12 Books of Christmas

Christmas by NVS

By Nora Vasconcelos

Now that the Holiday season is around the corner I’ve been thinking about some of my favorite Christmas stories, and here they are:

1) Fallen Angel, by Don J. Snyder. Christmas time in a cottage called Serenity is the best place to help Terry McQuinn heal old emotional wounds. At the same time, he finds himself in this places that he had almost forgot as time passed by, the same as the relationship with his father. The cold weather and the snow accompany him, unaware that some new visitors to Serenity will change his life forever.

2) Silver Bells, by Luanne Rice. This book tells the story of Christopher Byrne and his son, who find the path back to happiness and family love thanks to a rough time spent in New York city, and the help of Catherine Tierney, who unexpectedly becomes a key element for all of them to finally be able to have a happy Christmas.

3) The Last Dickens, by Matthew Pearl. Not exactly a Christmas story, but, as part of the story occurs in winter and it places the reader in the time when Charles Dickens toured around the East Cost of the U.S, I always relate this book to the Holidays season.

4) Sherlock Holmes: A Case at Christmas and Other New Adventures, by N.M. Scott. For me good mysteries are always welcome, and who else that Sherlock Holmes himself to flavour a little bit the season. In this collection of stories, Scott retakes the characters created by Conan Doyle to bring many more enjoyable adventures, placing some of them during the holidays.

5) Murder never takes a holiday, by Donald Bain. As part of the series of books based on the TV series Murder She Wrote, this book features two stories. In the first one, A little Yuletide Murder, Bain takes the main character, Jessica Fletcher, to her hometown, Cabot Cove, where the mystery writers hopes to spend a joyful Christmas. However, as always it happens to Mrs. Fletcher, a murder comes on her way to prevent her to sit down and relax. The second story, Manhattans and Murder, places Mrs. Fletcher in New York city, where she’s determined to solve another mystery that’s has happened right in the middle of her book tour.

6) ‘Tis the Season, by Ann M. Martin. This children’s story touches the heart of everyone who reads it as it tells the story of little Flora and Ruby, who had recently lost their parents and are trying hard to fit themselves in a town where Christmas is all around.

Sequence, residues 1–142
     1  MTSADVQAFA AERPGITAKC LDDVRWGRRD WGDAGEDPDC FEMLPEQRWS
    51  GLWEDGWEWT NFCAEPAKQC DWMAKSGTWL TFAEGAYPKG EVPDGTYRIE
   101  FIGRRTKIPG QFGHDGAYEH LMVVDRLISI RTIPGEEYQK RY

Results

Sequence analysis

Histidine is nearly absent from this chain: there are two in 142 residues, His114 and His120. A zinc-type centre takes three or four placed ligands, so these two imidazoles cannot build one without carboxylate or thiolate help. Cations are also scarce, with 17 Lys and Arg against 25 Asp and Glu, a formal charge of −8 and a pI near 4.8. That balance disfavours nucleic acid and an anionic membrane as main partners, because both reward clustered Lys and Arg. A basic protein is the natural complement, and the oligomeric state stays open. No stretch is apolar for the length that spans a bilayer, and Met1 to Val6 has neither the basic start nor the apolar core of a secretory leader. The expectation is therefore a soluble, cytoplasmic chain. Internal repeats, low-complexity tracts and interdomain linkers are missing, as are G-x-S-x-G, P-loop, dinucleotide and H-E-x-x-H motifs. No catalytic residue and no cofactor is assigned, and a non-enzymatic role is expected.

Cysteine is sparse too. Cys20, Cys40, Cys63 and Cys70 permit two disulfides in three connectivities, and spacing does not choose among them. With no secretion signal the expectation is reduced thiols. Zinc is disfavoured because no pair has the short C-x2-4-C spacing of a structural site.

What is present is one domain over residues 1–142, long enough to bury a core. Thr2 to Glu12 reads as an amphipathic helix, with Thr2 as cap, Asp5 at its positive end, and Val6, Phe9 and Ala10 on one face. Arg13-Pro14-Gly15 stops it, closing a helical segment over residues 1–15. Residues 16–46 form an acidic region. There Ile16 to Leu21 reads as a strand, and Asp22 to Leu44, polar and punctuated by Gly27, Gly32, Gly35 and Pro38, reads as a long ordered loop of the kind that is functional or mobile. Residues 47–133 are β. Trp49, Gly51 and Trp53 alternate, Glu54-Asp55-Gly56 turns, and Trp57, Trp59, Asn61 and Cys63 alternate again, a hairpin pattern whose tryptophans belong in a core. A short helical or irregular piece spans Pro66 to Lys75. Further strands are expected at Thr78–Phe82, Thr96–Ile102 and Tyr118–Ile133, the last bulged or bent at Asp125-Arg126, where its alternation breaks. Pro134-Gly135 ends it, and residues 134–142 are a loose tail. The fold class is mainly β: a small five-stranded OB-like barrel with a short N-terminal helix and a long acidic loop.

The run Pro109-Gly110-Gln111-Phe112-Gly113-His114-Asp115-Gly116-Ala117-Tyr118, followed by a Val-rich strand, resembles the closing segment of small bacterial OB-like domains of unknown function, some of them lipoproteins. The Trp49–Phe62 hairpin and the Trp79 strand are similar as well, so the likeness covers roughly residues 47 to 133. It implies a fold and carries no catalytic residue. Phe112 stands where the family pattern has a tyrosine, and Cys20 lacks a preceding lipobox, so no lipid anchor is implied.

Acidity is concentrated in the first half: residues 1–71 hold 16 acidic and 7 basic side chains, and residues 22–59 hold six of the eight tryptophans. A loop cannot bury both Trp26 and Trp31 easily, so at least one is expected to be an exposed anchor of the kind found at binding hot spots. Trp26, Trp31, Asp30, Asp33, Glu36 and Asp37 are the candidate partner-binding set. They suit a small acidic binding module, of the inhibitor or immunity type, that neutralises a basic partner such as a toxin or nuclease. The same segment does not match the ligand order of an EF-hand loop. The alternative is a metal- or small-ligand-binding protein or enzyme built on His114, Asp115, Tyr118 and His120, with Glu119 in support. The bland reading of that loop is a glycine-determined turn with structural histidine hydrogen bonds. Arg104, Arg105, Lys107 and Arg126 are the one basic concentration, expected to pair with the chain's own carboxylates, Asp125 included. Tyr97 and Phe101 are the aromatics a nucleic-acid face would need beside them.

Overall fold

7) and 8) Mrs. Miracle and Call me Mrs. Miracle, by Debbie Macomber, are two books in which Mrs. Merkle, often called Mrs. Miracle, goes around different places finding ingenious ways to solve those little problems that people around her face, exactly those little problems that seem impossible to be solved and that once they are solve, bring love, happiness and a very merry happy Christmas to everyone.

9) Skipping Christmas, by John Grisham. Imagine all what can go wrong during this time. Add then the idea of skipping the holiday. The result: A complete disaster. One that Luther and Nora Krank won’t be able to solve unless they accept some help from whom they less expect it.

10) Christmas at the Mysterious Bookshop, edited by Otto Penlzer, owner of the Mysterious bookshop in New York City. This book compiles mystery short stories placed during Christmas time, written specially for the Bookshop by famous authors such as Anne Perry, Mary Higgins Clark, Lawrence Block, Ed McBain and Donald E. Westlake.

11) A Christmas Carol, by Charles Dickens. Of course this good old classic can be never missed during the celebrations. I’ve read and re read this story over and over, and I never get enough of it. I never get tired of going through its pages while I allow myself to get lost in the story as if I were a silent witness of what’s happening to Mr. Scrooge during that ghostly night destined to save his soul.

12) A Rumpole Christmas, by John Mortimer. If Christmas time is not really your thing, you can always take revenge of it by reading the adventures and misfortunes of Horace Rumpole, a moody character, who experiences all kind of situations during the Holiday Season while trying to make the least of this joyful time.

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The Hidden Talent of Fictional Writers

By Nora Vasconcelos

Anthony_TrollopeFor many years I’ve been fascinated by the enormous ability shown by different authors who are able to create not only believable characters but also very skillful imaginary narrators who come to life on the pages of books, telling readers the story the author has plotted.